British Earthenwares currently provide our best tools for dating these deposits. Manufacturers marks, as well as the overall stylistic makeup of the assemblage argue strongly for an 1830s and 1840s deposition of the deepest deposits. The ceramic styles represented are the classics for this period. The bulk of the earthenwares are transfer prints, including a variety of lighter blues as well as the reds, greens, purples and other colors expected after about 1830. There are also a variety of painted Staffordshire wares, as well as smaller quantities of annular ware, edge decorated ware, sponged wares, yellowwares, and undecorated earthenwares.

Chinese Porcelain is represented as well. Several patterns, including Canton and Fitzhugh, are common in collections from the Eastern United States and Europe, reflecting established trades routes and market tastes. However, other patterns found at the site are much less well known in Euro-American spheres, but are widely reported from Southeast Asia to the east coast of Africa (cf. Willets and Lim 1981:1-16; McClure Mudge 1986:185-189; Christie's Amsterdam B.V. 1995). In recent years, we have found that these same patterns, including Sino-Islamic, Peach and Fungus, and Om, are also widely distributed in early California sites. Our impression is that they are most frequent in 1830s deposits, and may become useful horizon markers for that period.

Commerce with Mexico is also demonstrated in the ceramic collection, although Mexican Majolicas and Lead Glazed Wares occur in much smaller numbers than either British or Chinese ceramics. The scarcity of Majolica at this site is in keeping with deposition during the 1830s and 1840s, as importation appears to have dropped off sharply after the Mexican War of Independence from 1810 to 1821 (May 1972:30; Barnes 1972:4). A number of common Majolica styles are present (cf. Cohen-Williams 1992), but the sherds are generally small, making exact identification of the patterns difficult. There are several possible explanations for the presence of Majolicas in our assemblage. We know that Majolicas are abundant in the archaeological deposits at the presidio (Jack Williams, personal communication, 1995). The Silvas-McCoy Site sherds might represent heirloom pieces retained by the families who moved down from the presidio to the river terrace in the 1820s and 1830s. Another possibility is that the tiny Majolica sherds were introduced to the site through reuse of building materials from the presidio or elsewhere. Artifacts are often incorporated into adobe bricks, the disintegration of which could introduce these older objects into more recent deposits.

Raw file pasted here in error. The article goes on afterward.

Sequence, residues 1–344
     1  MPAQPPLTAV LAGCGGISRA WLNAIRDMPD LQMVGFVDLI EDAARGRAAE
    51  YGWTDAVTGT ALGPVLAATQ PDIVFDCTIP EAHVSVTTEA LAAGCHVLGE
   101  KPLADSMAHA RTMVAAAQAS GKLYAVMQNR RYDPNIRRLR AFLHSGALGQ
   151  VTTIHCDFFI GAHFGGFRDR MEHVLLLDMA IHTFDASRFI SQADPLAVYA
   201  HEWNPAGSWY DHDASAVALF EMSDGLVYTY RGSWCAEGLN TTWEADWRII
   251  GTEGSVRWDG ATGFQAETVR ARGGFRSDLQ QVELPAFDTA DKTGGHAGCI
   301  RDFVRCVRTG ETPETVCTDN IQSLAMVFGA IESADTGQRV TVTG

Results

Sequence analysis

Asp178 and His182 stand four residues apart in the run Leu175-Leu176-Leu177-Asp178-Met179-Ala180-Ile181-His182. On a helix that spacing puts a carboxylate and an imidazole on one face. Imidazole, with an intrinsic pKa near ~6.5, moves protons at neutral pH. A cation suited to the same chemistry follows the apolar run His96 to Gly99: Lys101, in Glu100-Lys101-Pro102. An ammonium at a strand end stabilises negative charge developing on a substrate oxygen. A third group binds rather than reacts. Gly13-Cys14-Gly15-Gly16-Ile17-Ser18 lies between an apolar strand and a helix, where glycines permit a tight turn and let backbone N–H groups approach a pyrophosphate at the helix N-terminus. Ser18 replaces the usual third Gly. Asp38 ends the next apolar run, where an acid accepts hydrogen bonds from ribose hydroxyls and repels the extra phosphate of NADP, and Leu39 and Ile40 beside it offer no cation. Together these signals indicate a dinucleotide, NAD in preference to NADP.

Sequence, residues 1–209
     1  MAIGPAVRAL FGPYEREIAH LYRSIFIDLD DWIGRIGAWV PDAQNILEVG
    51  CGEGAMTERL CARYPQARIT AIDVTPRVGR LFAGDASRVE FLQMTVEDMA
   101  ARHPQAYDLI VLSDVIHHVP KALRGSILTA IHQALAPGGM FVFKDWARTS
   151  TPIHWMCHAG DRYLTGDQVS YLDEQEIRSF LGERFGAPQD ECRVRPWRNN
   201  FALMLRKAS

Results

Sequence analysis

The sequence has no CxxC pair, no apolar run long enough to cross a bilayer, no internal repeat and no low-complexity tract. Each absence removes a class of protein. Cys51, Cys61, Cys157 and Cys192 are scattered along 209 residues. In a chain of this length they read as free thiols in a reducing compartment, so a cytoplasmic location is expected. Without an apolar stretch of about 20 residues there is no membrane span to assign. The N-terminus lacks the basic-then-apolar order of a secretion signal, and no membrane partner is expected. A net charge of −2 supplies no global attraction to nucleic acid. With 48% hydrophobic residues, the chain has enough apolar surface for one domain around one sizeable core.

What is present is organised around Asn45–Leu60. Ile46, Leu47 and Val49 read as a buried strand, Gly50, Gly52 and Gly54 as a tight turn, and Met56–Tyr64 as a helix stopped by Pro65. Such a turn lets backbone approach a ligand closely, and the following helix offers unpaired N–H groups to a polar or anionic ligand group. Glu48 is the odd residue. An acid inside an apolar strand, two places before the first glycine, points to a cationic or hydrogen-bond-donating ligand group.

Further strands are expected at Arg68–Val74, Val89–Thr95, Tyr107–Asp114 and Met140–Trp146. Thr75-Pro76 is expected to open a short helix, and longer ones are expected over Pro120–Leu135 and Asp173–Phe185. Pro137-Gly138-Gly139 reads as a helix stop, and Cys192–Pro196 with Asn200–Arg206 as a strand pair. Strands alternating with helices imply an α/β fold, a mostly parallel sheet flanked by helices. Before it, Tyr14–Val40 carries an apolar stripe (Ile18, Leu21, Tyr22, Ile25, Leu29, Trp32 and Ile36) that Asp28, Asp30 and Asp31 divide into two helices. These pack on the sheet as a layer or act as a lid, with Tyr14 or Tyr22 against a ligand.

Southern California (or Tizon) Brownware occurs in considerable quantities. These are unglazed wares, presumably of local manufacture, and are similar to those produced by Native Americans prior to Spanish colonization (cf. May 1978; Griset 1990). Vessels seem to be predominately ollas, although a few pieces may be from comales, or griddles. Many have heavy soot deposits on the exteriors, indicating use as cooking vessels.  These wares are widely distributed in the historic deposits of Old Town, convincing us that they were in widespread use during the historic period. Their large volume raises interesting questions regarding the economics of their manufacture and distribution.

Flaked and Ground Stone artifacts occur in significant quantities in the earlier archeological deposits, also suggesting the presence of Native Americans in the San Diego pueblo during the historic period. Most are simple flakes and cores, although there are also some pieces of flaked glass, including a small side-notched projectile point and what may be a drill. Several fragments of a carefully made steatite bowl and a large steatite bead were also recovered. Some of these Native American artifacts might be interpreted as remnants of a prehistoric site mixed with later deposits. We did recently record a late prehistoric site nearby, although no intact prehistoric deposits have been found on the Silvas-McCoy property. The small Glass Projectile Point, however, is certainly not pre-contact. It is more likely that these artifacts reflect the continuing presence of Native Americans in the Californio households of San Diego. We do know some Spanish soldiers married or lived with local Native American women, and that Native Americans served as cooks and laborers in many households (Mason 1978:413; Farris 1996:14-19.